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Lift Every Voice: Larynx Repair
Through research, Sid Khosla of the UC Health Voice & Swallowing Center explores how our voices come to be. In practice, he explores how to repair them when they leave us.
I’m a voice nerd. One reason this field fascinated me was because it was something I could apply my engineering background to; I designed a long-lasting hearing aid years ago, and was surprised to see that engineering related to the larynx in a similar way. I’m also deeply interested in the relationship between the voice and personality. People often refer to “finding their voice” in a metaphorical, internal sense, but it really is connected to our external voice as well. My patients often say, “I want to be understood.” Our ability to speak and be heard really influences who we are and how we interact with others.
Roughly 20 percent of the patients I see have a nodule or a polyp on their larynx; we know what to do to get them back to functioning normally. Another 10 to 20 percent of the people I see have experienced damage to the larynx and we have to rebuild it, like the 15-year-old girl from Indiana who came to us after an 800-pound basketball hoop fell on her neck. Her larynx was completely crushed, so in addition to having no voice, she had trouble swallowing and was breathing through a tracheostomy tube. Now, nine months later, she’s swallowing and we’ve removed the tube. She still doesn’t have a voice, but it’s great progress and we hope to see more as we continue working with her.
Another woman, Rita Jan Christian, had been unable to speak above a whisper for more than 30 years. Before the car accident that injured her vocal chords, she had been very social. Understandably, this inability to speak loudly caused her to withdraw, and she wanted to be her old self again. If voice is the only issue with a patient, I want to know how it affects their lifestyle. A year after we first discussed her options, she agreed to treatment and underwent a series of surgeries. Afterward, she began meeting with speech pathologist Eva van Leer and voice therapist Bernice Klaben to relearn how to use her voice. It was nerve-racking for both me and Rita, [but] today she’s improved and working to get back to normal.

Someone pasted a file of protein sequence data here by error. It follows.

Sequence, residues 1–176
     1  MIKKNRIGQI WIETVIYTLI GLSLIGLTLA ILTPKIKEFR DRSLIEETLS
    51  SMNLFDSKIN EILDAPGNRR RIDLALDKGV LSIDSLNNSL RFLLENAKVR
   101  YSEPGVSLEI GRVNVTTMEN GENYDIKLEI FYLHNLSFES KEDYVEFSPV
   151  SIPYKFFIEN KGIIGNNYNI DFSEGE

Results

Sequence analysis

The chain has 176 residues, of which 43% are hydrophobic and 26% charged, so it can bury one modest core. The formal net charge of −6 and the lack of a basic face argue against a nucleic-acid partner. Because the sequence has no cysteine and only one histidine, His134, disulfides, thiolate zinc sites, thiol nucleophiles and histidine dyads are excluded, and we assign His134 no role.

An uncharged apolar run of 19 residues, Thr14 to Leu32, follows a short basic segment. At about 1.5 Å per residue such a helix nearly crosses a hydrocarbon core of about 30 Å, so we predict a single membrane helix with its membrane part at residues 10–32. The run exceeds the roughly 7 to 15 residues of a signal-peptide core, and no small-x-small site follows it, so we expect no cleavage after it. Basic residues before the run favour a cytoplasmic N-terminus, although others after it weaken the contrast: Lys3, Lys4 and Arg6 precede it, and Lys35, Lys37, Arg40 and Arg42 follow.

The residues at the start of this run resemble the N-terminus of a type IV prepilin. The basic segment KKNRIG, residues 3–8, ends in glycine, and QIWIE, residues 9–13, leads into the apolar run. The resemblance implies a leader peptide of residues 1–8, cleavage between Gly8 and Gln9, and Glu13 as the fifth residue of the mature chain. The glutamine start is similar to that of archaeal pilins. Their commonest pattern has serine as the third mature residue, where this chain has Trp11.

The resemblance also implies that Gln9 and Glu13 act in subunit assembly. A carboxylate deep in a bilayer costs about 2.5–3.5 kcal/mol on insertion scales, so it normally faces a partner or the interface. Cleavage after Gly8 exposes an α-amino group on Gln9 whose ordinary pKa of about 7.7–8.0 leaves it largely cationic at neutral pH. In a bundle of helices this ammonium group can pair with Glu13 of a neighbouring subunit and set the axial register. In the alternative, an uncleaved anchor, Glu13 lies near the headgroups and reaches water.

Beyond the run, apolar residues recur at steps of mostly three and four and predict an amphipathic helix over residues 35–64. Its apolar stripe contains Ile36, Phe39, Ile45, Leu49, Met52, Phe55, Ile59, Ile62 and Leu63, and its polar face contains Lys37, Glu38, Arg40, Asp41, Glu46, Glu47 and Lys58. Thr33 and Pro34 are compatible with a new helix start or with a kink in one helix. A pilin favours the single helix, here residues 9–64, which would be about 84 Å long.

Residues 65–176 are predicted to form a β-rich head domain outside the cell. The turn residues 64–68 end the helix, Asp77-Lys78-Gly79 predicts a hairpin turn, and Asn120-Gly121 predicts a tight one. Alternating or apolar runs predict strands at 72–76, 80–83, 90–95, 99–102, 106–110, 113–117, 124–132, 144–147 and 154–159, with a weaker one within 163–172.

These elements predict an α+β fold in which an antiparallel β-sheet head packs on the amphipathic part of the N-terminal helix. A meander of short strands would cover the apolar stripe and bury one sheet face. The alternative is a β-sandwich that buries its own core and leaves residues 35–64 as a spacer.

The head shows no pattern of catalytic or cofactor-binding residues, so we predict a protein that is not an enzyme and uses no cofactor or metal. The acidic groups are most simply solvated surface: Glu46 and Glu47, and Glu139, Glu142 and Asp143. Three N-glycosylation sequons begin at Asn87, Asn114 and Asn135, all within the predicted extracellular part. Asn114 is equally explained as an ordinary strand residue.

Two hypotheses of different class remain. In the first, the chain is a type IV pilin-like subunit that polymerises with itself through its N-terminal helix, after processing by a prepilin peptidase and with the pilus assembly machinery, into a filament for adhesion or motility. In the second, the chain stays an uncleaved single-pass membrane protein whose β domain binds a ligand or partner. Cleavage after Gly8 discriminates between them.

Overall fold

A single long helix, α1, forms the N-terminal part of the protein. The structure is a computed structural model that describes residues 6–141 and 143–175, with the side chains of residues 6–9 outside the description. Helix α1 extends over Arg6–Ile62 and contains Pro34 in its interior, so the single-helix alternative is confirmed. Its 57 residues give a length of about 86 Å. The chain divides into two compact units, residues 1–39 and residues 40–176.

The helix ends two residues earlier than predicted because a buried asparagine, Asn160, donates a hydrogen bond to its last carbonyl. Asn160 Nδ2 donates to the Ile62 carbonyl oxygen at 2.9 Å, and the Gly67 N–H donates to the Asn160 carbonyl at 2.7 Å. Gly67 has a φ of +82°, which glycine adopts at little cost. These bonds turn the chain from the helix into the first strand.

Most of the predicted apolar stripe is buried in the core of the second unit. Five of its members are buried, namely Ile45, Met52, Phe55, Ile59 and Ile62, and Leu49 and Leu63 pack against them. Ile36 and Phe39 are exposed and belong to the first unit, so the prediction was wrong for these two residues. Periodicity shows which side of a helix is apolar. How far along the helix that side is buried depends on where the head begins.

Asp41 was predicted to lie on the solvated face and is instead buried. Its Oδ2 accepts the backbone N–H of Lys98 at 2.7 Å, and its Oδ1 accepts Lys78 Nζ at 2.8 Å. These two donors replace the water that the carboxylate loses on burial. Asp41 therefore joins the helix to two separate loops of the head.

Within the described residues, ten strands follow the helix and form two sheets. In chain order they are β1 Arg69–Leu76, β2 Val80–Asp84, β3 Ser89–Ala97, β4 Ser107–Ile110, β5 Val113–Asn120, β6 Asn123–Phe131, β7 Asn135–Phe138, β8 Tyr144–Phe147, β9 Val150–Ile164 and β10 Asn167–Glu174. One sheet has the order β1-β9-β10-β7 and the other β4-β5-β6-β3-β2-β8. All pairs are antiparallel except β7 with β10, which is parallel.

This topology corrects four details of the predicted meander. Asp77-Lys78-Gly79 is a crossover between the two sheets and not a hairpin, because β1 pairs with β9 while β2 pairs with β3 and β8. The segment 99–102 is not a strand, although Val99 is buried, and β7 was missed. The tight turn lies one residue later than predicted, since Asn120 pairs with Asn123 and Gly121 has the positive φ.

The field of laryngology is one of the least understood in medicine. We still don’t know the exact mechanisms of what produces voice, so there’s a lot of theory and experimentation. One of the things we’re hoping will become more common is a close collaboration between fellowship-trained laryngologists and speech pathologists, like Dr. van Leer and I at the UC Health Performance & Professional Voice Center. Working together, we’re able to help patients with voice disorders better than if we were working alone.
I get three to four e-mails a month from people all over the country who want help with their severe voice disorder. We’re able to help some of them, but others we can’t help at all. We need more research, and more people around the country working to tackle voice problems in facilities like ours. We’re just beginning to get into the science of laryngology—there are sure to be plenty more discoveries ahead.
Originally published in the January 2013 issue.